Democracy must be suspended to solve the climate crisis.  An elite government is better than democracy -- at least if the world is to succeed in resolving the acute climate crisis, according to Professor Jørgen Randers.  Several climate experts highlight a clear model:  China's dictatorship.  

Lomborg is rather scathing in his commentary:

Look at the costs to achieve the sort of climate policies that Randers and many others are advocating. If the EU fulfills its promise of cutting emissions by 80% in 2050 (which is the most ambitious climate policy in the world today), the average of the best peer-reviewed models show that the cost would run to at least $3 trillion per year, and more likely double that – meaning $6,000 for each EU citizen per year. Of course, few will vote for that.  [MC note -- the cost could easily be a multiple of even the larger estimate.]  Moreover, asking for a dictatorship neglects one of the main reasons for democracy: how do you ensure that the dictator does what is good for you? . . .  Look at China, which unfortunately is held up by many environmentalists as a green ideal.  It gets 86% of its total primary energy demand from fossil fuels (International Energy Agency data, latest from 2014, extrapolated to 2017). How is that ultra-green?

Meanwhile, over in the healthcare arena, we have the premier British medical journal The Lancet publishing an opinion piece on November 4 by its head editor Richard Horton, making an explicit pitch for more Marxism in medicine.  The title of the piece is "Medicine and Marx."   Unlike Randers, Horton does not actually use the word "dictatorship"; but I wouldn't call his effort "euphemisms" either.  Rather, Horton writes in the old Soviet/Orwellian Newspeak, using the words those guys employed to mean (to anybody who was alive and awake) not just "dictatorship," but "totalitarian rule by jackbooted thugs."  Example:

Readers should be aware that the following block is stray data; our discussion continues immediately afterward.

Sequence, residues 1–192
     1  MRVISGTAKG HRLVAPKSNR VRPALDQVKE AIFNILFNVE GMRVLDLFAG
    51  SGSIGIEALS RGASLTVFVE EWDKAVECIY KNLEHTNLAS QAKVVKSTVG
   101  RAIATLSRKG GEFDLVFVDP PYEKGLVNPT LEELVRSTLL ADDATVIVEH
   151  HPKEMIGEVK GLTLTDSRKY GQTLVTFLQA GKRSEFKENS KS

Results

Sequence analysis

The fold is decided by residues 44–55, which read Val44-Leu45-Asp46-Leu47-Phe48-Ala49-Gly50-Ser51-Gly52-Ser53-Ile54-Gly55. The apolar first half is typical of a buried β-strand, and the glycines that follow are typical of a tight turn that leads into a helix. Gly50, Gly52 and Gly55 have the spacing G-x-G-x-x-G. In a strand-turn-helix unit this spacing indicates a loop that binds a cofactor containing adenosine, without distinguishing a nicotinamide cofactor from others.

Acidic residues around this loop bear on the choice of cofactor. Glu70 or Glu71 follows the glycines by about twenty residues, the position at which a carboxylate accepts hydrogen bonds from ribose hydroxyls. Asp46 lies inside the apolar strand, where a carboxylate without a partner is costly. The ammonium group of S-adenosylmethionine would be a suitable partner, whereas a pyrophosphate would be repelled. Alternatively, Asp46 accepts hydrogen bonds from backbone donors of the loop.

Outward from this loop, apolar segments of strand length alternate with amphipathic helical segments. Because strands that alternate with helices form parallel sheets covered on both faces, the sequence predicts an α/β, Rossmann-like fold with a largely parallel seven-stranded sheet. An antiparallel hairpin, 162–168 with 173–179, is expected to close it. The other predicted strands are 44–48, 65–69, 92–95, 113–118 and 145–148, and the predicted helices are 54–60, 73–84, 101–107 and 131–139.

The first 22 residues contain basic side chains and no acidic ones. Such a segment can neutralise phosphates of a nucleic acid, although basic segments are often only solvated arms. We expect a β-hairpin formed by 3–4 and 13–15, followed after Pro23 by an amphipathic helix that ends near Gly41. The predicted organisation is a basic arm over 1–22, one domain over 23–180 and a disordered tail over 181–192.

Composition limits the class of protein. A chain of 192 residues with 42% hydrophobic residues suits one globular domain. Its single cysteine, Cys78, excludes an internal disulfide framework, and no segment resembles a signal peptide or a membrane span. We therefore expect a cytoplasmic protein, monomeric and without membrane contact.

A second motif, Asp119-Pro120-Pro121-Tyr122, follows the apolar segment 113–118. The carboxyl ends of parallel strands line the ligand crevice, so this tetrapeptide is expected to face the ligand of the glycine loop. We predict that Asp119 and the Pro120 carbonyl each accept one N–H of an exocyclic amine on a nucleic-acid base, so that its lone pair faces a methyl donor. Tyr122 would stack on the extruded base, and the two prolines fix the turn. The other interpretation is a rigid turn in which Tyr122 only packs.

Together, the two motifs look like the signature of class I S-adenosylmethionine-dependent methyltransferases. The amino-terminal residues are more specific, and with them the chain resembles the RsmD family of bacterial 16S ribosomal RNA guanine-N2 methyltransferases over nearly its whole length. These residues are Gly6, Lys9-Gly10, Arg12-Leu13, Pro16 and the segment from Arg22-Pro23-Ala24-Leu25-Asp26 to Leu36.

21st-century health care [is] better investigated and interpreted through a Marxist lens. . . .   Marxism defends a set of values. The free self-determination of the individual, an equitable society, the end of exploitation, deepening possibilities for public participation in shaping collective choices, refusing to accept the fixity of human nature and believing in our capacity to change, and keeping a sense of the interdependence and indivisibility of our common humanity. . . .  Marxism is a call to engage, an invitation to join the struggle to protect the values we share.

Wow.  Could anybody alive possibly still buy this?  As to the reference in the last line to "the values we share," John Hinderaker at PowerLine comments:

What values are those? Mass murder? Totalitarianism? Rule by a criminal elite? A rigid class system in which a few ruthless and politically connected thugs prosper, and everyone else starves?

Come on, John!  Aren't those really minor quibbles when are so close to achieving the holy grail of universal health "coverage"?